Preparing Students for High School Graduation and What Comes Next
April 21, 2016 02:26 pm
As the nation continues to work toward raising the graduation rate, it is critical that high school graduates are prepared for what comes next. New reports look at the necessity of college and career preparation, the cost of remediation if students are not adequately prepared, and what steps states and governors can take to build on progress and ensure all students graduate from high school.
The majority of students are not taking courses that prepare them for college and careers, according to a recent study by Education Trust (Ed Trust). The organization reports that only 8 percent of high school graduates in the class of 2013 completed a full college- and career-ready curriculum. The report, Meandering Toward Graduation, breaks down curriculum types into four categories: college-ready, career-ready, college- and career-ready, and no cohesive curriculum. The findings detail the percentage of students that fall into each category, as shown below:
The report reveals that students in different socio-economic groups are completing different types of curricula. For examples, students from low-income families were 14 percentage points less likely to complete a college-ready or career-ready curriculum when compared with their more advantaged peers says a recent Straight A’s newsletter article on the report. The findings also show achievement gaps between students by race when examining mastery of course content through GPA. Check out the report for more: https://edtrust.org/resource/meandering-toward-graduation/.
Students who are unprepared for the demands of college may find themselves required to take remedial courses. More than half a million college freshmen, or one in four students who enter college in the fall after graduating high school, find themselves in this position, according to a new report by Education Reform Now and Education Post. These courses are costing students’ families nearly $1.5 billion annually, the report says, with students paying on average an extra $3,000 and borrowing almost an extra $1,000 during their first year of school. The findings also highlight that remedial education is not limited to low-income students, but affects hundreds of thousands of families across all income levels.
Education Reform Now seeks to promote more rigorous standards, particularly the Common Core, in K-12 education, NPR reports. “Their contention is that students are underprepared because high schools aren’t doing their jobs.” NPR quotes Michael Dannenberg, a co-author of the report, who explains that “Because of underpreparation and poor performance, we’re seeing people having to pay more for college.” Dannenberg sees policy as a route to change this, noting that “High school policy changes could make college more affordable. And higher ed policy changes could promote better rigor and academic preparation in high school.”
In an opinion piece on Education Week, Matt Gandal, president and founder of Education Strategy Group and former senior adviser to then-U.S. Secretary of Education Arne Duncan, discusses the importance of Getting Serious About College and Career Readiness. With the passage of the Every Student Succeeds Act (ESSA), Gandal explains that there is an opportunity to build upon the progress toward the goal of college and career readiness for all students, while ensuring that work to establish rigorous and meaningful expectations for students is not undone. More states today have rigorous standards in place that have been validated by employers and high education, he writes, and yet many states are reconsidering standards. He argues that especially as states address their accountability systems under ESSA, it is critical for states to build upon progress toward higher standards, and not retreat from it.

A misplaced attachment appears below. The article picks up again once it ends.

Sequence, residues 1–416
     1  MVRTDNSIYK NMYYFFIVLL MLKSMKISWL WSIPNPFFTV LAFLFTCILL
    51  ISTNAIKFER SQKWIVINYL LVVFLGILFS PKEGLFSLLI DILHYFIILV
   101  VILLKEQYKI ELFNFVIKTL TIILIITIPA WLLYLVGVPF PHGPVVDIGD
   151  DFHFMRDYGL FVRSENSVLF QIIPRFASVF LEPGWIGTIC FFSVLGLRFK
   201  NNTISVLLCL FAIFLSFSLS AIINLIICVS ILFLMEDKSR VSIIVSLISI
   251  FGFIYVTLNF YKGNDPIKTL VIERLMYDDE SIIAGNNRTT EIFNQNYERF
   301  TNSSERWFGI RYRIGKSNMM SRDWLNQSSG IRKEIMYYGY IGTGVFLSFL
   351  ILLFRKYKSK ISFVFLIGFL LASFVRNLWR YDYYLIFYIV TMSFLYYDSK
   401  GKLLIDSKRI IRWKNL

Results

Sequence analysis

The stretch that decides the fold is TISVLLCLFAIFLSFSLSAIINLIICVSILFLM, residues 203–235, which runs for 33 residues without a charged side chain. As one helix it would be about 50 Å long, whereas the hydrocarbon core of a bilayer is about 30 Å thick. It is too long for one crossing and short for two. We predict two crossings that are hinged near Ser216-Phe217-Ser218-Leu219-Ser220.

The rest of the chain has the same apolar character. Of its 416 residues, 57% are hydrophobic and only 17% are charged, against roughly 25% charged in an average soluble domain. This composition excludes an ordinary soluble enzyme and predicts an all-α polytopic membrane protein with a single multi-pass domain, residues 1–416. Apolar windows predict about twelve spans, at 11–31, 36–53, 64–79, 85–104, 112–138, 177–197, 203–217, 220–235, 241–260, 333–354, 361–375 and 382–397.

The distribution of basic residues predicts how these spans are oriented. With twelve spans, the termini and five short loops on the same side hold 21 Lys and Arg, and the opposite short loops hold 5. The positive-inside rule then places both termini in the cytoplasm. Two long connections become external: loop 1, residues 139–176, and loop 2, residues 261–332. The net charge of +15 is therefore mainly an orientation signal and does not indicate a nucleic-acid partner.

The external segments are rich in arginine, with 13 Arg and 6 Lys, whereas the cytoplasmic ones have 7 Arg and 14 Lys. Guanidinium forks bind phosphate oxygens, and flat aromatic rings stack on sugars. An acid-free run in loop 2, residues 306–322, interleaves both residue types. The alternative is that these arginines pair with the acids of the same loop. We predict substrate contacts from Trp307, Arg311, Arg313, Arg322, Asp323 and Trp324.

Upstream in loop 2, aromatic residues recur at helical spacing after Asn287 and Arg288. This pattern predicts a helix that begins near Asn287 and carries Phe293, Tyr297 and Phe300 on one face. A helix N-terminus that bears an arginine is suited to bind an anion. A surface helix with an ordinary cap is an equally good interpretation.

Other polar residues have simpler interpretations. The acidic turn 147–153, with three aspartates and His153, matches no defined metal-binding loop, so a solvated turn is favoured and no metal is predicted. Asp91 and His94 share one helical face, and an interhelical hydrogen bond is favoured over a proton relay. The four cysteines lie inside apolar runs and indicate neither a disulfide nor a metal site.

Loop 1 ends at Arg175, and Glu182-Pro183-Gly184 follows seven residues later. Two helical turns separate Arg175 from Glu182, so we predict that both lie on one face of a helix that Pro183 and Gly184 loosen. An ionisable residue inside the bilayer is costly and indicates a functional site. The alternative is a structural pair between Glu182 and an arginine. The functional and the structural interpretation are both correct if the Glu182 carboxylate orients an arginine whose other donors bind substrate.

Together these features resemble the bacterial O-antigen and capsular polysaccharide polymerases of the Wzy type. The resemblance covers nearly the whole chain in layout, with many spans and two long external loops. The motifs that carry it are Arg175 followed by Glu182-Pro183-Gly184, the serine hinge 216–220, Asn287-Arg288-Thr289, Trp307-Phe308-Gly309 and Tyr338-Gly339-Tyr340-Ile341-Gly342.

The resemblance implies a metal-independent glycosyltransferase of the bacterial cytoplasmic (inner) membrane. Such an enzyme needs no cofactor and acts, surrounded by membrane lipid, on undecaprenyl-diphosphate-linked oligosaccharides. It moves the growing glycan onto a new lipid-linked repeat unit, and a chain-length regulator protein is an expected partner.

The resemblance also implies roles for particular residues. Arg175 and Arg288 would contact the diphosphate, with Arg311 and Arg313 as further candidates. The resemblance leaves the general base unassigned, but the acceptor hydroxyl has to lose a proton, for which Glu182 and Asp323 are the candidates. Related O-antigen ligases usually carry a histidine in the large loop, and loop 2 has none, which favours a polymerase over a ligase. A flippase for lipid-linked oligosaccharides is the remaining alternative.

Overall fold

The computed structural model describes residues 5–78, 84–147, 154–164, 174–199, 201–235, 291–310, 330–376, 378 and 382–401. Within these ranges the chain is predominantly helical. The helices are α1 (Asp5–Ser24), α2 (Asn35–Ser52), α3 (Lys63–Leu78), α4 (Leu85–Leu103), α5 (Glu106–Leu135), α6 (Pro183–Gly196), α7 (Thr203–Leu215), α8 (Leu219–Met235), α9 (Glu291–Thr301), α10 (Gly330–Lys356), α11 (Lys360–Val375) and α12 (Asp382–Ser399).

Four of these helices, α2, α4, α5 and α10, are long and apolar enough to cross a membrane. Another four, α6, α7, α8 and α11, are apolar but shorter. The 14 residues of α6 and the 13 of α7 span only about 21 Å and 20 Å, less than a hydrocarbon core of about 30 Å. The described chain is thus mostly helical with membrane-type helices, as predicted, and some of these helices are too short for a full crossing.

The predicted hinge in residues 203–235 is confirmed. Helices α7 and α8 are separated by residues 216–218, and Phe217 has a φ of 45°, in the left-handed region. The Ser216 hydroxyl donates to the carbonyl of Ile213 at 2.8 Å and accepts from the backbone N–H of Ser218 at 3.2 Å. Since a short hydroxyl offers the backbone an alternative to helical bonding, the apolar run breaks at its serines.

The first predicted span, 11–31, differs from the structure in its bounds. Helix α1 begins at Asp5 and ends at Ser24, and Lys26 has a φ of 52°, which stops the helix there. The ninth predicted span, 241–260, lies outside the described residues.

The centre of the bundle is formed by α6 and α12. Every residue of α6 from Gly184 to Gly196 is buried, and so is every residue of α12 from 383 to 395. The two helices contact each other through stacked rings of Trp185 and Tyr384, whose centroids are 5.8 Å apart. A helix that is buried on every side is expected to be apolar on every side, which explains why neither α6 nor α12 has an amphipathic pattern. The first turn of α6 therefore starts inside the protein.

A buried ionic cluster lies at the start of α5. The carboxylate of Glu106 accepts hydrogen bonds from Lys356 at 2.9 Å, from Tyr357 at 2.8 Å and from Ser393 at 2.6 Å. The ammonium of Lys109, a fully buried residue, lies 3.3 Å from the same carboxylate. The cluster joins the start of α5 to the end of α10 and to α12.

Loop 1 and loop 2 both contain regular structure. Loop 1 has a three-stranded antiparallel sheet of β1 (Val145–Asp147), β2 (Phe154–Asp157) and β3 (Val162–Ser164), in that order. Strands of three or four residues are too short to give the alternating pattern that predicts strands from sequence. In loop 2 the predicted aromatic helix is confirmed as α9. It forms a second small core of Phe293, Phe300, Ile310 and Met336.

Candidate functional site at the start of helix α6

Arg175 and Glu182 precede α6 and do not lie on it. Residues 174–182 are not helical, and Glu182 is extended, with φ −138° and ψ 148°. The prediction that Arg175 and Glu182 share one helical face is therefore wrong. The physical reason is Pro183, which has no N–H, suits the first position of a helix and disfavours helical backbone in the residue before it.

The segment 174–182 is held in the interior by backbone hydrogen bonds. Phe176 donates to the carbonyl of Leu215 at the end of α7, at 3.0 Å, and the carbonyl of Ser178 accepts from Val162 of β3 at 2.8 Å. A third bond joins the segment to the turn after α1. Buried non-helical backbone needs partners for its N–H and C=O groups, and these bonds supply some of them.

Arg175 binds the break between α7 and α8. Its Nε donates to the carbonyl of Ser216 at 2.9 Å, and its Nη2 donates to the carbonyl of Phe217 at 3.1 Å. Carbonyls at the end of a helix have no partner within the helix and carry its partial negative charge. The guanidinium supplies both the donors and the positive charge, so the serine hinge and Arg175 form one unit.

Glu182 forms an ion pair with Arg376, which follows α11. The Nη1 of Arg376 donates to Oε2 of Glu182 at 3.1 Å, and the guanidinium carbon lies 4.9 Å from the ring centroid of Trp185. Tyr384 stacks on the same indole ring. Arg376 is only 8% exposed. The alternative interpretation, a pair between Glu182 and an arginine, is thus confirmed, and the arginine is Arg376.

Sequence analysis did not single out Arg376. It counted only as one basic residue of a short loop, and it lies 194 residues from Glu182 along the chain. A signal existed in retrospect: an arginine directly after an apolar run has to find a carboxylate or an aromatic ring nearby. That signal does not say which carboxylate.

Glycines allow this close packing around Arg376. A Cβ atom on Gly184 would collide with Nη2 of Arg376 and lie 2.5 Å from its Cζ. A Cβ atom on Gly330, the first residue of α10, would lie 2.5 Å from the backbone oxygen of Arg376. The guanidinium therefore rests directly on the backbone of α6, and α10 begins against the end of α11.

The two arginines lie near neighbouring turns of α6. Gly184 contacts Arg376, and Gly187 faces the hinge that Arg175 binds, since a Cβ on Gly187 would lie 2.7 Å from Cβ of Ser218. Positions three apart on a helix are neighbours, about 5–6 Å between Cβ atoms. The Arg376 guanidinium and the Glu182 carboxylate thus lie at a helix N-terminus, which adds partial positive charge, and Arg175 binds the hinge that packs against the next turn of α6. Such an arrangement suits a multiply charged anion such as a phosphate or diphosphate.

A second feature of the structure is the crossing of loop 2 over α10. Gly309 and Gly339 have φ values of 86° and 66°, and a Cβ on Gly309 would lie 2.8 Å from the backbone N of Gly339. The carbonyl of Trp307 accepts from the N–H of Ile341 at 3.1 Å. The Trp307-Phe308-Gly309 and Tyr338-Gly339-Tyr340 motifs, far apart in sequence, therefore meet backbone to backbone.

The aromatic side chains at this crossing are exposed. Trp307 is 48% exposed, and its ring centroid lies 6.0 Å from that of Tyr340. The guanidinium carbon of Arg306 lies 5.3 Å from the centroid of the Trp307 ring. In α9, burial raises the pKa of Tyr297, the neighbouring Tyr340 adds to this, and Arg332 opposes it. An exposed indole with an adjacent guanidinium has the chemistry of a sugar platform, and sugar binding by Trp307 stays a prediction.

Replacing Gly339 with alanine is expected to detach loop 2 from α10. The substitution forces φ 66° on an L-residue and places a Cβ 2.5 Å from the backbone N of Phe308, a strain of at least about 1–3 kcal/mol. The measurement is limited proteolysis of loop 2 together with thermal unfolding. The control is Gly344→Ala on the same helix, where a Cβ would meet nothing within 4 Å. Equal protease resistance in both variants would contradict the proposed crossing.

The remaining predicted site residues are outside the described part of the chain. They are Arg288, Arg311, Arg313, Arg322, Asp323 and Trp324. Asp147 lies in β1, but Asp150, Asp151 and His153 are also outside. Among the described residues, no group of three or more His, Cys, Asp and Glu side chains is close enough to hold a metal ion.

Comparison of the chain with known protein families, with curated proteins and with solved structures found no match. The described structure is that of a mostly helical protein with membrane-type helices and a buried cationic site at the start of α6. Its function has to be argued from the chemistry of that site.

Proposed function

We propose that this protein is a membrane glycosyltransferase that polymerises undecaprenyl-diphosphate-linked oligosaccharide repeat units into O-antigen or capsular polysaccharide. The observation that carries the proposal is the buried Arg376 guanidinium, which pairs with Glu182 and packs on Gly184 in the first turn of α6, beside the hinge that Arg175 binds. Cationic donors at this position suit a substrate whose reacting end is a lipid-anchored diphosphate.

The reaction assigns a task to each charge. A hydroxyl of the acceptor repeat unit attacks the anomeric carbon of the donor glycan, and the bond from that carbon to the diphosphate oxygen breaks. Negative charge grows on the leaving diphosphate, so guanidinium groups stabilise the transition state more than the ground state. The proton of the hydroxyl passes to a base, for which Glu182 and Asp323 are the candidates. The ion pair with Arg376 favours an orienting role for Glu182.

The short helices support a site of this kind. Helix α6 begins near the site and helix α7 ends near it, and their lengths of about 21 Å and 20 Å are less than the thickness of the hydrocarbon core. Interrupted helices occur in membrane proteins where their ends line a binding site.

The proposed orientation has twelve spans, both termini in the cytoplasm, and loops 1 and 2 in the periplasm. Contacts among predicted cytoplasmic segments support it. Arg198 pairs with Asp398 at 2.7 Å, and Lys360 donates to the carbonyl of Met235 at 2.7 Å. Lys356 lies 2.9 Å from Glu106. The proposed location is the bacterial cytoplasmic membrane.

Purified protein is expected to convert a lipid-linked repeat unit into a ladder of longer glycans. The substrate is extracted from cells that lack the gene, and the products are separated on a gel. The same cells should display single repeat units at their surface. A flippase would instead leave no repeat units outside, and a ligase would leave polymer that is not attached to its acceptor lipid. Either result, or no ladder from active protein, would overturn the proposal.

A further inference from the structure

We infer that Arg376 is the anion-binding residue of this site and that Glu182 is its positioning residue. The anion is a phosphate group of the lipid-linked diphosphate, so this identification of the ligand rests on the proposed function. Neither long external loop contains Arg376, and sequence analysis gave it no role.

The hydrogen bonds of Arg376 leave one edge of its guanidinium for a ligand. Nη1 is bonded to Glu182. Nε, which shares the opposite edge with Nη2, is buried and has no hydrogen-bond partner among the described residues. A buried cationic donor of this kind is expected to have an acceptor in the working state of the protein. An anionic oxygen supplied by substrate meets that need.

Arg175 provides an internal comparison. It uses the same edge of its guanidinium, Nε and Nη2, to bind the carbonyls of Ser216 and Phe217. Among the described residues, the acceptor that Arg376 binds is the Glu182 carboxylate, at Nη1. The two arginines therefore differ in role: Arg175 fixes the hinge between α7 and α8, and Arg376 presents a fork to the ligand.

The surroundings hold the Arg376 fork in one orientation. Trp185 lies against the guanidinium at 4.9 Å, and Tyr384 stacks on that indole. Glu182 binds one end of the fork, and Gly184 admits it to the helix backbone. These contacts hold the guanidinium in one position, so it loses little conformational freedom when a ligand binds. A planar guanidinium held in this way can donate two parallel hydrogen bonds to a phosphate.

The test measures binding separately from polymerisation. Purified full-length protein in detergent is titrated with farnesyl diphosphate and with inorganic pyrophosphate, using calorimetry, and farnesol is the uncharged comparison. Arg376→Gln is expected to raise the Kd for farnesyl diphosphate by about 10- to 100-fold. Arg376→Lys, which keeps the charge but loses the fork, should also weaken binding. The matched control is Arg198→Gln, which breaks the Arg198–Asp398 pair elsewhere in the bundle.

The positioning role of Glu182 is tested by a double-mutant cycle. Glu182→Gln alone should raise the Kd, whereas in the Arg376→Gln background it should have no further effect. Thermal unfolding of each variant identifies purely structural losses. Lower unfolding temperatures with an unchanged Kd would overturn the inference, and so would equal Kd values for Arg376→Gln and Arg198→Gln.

Gandal outlines several actions states that are serious about college and career readiness can take to maintain and build upon progress, including resisting pressures to lower the standards, delivering supports and closing gaps, and focusing on the “career” side of college- and career-ready.
As schools work to adequately prepare students for life after high school, more needs to be done to ensure that students reach that next step. Alliance president and former governor of West Virginia Bob Wise and president and CEO of America’s Promise Alliance John Gomperts share ways that state governors can improve thousands of underperforming schools, and ensure that all students graduate from high school. Right now, there are still more than 4,000 students are still dropping out every school day and 1,235 high schools failing to graduate at least one-third of their students, they write.
With a goal of a 90 percent graduation rate in mind, they share six ways governors can help the nation reach this mark:
- Use accurate data to make decisions
- Focus on the students who need it most
- Direct resources to schools that need them most
- Do not lower the bar or game the system
- Ask hard questions
- Take this opportunity to finally connect K–12 education with postsecondary education